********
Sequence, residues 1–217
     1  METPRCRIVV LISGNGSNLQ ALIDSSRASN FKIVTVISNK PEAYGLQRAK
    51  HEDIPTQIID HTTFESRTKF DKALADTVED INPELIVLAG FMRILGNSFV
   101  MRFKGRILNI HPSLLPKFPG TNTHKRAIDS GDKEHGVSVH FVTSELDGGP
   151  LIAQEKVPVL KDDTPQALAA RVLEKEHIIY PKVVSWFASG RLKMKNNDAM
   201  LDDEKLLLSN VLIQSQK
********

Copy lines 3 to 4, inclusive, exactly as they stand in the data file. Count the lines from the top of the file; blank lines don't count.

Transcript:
    51  HEDIPTQIID HTTFESRTKF DKALADTVED INPELIVLAG FMRILGNSFV
   101  MRFKGRILNI HPSLLPKFPG TNTHKRAIDS GDKEHGVSVH FVTSELDGGP